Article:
Pallet conveyors work the same as pallet roller and pallet chain conveyors.
Product singlisation is done in two ways, pressureless or funneling. As the name suggests a pressureless singuliser uses multiple strands of modular belts running at different speeds to accelerate products away without the need to force them into single file. Funneling on the other hand uses a wide belt and funnels products into single file which can be problematic when round products lock together preventing them from moving through the funnel, this is called bridging. If bridging becomes a problem moving fences and stop/start or even reversing conveyors can be used. Typically pressureless singulising is the best method.
Fabric/Material Belt Conveyors
Fabric/material belt conveyors are used when handling raw product or ingredients as they are none porous which means the product does not get trapped in the belt. Transferring on and off material belt conveyors is not normally as smooth as roller or modular belts as the material belts need to be tracked (made to run down the middle of the conveyor) and this is usually done by adjusting the head and/or tail shafts. This adjustment means the proceeding/following conveyors need to be installed with a gap to allow for adjustment. It is common to find material belt conveyors transporting products which are introduced to the conveyor from over-head by way of a chute.
Incline conveyors are used to elevate products of cases from one level to another. Raw products such as ingredients will be elevated to a level which they can be fed into a filler or multi-head weigher and cases will be elevated for palletising or to travel through the facility above normal operations before being lowered into the area required. Incline conveyors can be modular belt conveyors (rough/grippy top) or material belt conveyors. Some very steep raw material conveyors use flighted material belts to transport the product. Incline conveyors have limited angle of incline depending on the product being transported. The shallower the incline angle the longer the conveyor needs to be to reach the required height. This can be a problem in some facilities as space might not be available. Incline conveyors can be reversed to lower products.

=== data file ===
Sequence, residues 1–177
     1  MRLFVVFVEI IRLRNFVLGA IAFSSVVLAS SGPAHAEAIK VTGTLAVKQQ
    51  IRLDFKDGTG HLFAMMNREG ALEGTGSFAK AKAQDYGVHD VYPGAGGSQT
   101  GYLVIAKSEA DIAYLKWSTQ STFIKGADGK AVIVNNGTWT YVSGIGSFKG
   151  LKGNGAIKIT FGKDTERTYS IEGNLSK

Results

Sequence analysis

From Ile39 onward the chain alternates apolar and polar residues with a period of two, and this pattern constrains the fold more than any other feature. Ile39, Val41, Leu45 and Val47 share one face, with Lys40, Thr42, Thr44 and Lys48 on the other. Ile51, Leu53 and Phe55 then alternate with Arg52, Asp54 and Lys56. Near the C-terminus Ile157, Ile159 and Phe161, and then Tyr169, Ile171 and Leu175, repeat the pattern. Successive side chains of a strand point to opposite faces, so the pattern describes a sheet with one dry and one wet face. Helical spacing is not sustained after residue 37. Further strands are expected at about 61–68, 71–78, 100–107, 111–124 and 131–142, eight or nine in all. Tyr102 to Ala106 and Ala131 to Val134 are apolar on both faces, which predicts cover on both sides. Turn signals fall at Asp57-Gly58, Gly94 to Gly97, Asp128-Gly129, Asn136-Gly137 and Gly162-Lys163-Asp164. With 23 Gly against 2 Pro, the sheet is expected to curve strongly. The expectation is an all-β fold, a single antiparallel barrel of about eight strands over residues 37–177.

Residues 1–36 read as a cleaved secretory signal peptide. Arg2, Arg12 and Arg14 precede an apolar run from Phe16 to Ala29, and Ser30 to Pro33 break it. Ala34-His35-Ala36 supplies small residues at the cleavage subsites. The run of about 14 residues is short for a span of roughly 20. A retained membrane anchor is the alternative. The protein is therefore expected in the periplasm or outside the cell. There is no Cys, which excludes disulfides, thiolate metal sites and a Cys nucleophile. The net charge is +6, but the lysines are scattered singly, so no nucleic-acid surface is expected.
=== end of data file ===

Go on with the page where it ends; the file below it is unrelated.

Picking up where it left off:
Elevator Conveyors are used when space is not available for an incline conveyor. An elevator is essentially a vertical conveyor that transports products or cases on decks which are lifted by chains. If the product is a raw material like a powder, buckets can be used in-stead of decks. Elevators can be reversed to lower products.
Spiral conveyors are similar to incline and elevator conveyors and are used to elevate products from one level to another. Spirals take up less linear space than incline conveyors but do take up more area than an elevator. Spirals are continuous in their operation where elevators require products to be metered onto the decks. Spirals also allow products to be accumulated back to back giving increased throughput compared to elevators. Spirals can be reversed to lower products.
We have been providing conveying solutions to companies around Australia, New Zealand and Asia for over 50 years across hundreds of different applications and understand the role that quality conveying systems play in overall plant profitability and provide the latest in conveyor technologies. Our conveyor systems seamlessly integrate within production facilities and are custom made to ensure that production lines run fast and easy with gentle product handling and reduced waste.
If you would like a quote on how to improve the flow of your production facility then contact our experienced team on 1300 831 330 or email@example.com for a no obligation chat.